McHugh’s role for Seanad Abolition Referendum

Fine Gael Donegal North East TD, Joe McHugh, has said that the public will have an opportunity later this year to reduce the number of national politicians by 30% and save €20 million a year by voting Yes to abolish the Seanad. Deputy McHugh was speaking after he was appointed as Fine Gael’s Director for the North/West Region for the Seanad Abolition Referendum.

Fine Gael Donegal North East TD, Joe McHugh, has said that the public will have an opportunity later this year to reduce the number of national politicians by 30% and save €20 million a year by voting Yes to abolish the Seanad. Deputy McHugh was speaking after he was appointed as Fine Gael’s Director for the North/West Region for the Seanad Abolition Referendum.

“I am delighted to have been appointed to work on this campaign alongside Minister Richard Bruton TD, who is Fine Gael’s Director of Elections for the Seanad Abolition Referendum. Every family in Ireland has had to make sacrifices, and I think it is only right that the political system does the same.

“Voting Yes to abolish the Seanad will also reduce the number of national politicians by 30%, and it would bring us into line with our European counterparts.”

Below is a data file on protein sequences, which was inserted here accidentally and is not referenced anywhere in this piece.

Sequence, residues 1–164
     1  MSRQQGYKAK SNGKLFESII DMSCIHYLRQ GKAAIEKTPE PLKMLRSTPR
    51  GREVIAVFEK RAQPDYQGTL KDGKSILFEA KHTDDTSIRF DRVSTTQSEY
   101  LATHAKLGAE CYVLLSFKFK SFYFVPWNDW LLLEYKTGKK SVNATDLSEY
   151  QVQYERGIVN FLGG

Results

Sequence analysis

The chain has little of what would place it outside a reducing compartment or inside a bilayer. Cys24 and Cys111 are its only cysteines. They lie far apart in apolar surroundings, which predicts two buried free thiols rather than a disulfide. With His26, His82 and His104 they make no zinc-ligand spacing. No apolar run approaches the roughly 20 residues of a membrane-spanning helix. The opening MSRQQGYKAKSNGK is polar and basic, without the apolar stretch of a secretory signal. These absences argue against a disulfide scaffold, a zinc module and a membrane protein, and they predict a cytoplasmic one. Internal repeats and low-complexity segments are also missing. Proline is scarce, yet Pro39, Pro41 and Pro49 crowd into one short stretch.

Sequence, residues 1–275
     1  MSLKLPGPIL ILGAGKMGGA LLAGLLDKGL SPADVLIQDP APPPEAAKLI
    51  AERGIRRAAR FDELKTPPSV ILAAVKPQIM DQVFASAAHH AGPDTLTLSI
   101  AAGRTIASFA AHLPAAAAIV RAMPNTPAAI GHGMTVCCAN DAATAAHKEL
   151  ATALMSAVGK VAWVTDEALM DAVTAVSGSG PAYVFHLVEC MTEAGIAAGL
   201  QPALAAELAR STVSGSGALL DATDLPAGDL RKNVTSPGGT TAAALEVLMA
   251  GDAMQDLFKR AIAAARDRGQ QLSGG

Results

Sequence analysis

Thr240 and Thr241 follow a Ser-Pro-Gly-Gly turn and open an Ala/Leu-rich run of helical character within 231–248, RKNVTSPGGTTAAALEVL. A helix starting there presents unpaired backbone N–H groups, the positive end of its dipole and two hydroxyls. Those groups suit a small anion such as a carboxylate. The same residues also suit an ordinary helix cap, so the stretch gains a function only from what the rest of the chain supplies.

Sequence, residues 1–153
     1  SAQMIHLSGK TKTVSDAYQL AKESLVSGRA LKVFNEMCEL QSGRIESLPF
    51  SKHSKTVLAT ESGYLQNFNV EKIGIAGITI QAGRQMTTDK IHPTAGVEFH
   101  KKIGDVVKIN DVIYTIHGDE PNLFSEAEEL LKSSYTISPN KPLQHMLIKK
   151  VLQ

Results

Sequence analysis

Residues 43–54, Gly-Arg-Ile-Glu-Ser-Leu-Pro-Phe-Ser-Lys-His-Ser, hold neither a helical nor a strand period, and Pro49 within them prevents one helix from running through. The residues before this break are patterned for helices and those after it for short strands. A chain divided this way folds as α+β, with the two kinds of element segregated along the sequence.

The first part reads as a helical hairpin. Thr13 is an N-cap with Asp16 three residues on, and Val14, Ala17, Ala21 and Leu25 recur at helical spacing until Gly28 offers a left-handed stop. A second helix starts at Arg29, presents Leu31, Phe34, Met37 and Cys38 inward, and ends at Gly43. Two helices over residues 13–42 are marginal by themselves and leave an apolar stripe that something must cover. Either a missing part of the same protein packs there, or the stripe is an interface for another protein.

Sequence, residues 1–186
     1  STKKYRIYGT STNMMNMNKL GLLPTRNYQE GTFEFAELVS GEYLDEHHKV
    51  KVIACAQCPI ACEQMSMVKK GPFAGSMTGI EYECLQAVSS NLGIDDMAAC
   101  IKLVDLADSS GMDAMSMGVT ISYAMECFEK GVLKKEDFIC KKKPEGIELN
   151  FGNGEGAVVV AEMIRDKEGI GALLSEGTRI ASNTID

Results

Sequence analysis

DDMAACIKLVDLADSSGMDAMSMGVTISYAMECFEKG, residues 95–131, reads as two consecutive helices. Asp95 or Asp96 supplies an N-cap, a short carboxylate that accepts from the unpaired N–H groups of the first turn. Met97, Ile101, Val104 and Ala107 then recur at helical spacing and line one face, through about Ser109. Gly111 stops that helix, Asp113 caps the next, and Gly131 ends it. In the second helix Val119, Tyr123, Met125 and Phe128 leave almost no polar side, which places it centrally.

Two chambers

Almost no other country of our size has two separate chambers of parliament. Progressive small countries like Denmark and Sweden have shown that they can have a better democracy at less cost with single chamber parliaments. This is the time to make that change in Ireland too, and put the money where it is most needed.

“The Seanad is shockingly undemocratic; in fact just 1% of the population voted to elect the current Seanad, and it doesn’t do anything that isn’t already done in the Dáil. And the last time the Seanad actually rejected a draft law was 50 years ago. Most of the time it just rubberstamps measures already approved by the Dáil. I fundamentally believe that this is a luxury the political system can no longer afford.

“Those opposing the Referendum will claim that the Seanad should be reformed. But ten reports have been published on reforming the Seanad, and yet we still have the same undemocratic, ineffective Upper House. Rather than putting forward another plan to find a purpose for the Seanad, this Government is asking a much more fundamental question; do we actually need the Seanad?

“As a former Senator, I have seen first-hand just how ineffectively the Seanad functions on a daily basis. And I strongly believe that we can and should deliver more accountable, transparent Government with a single chamber parliament, bringing ourselves into line with other small countries in Europe and saving €20 million a year in the process.”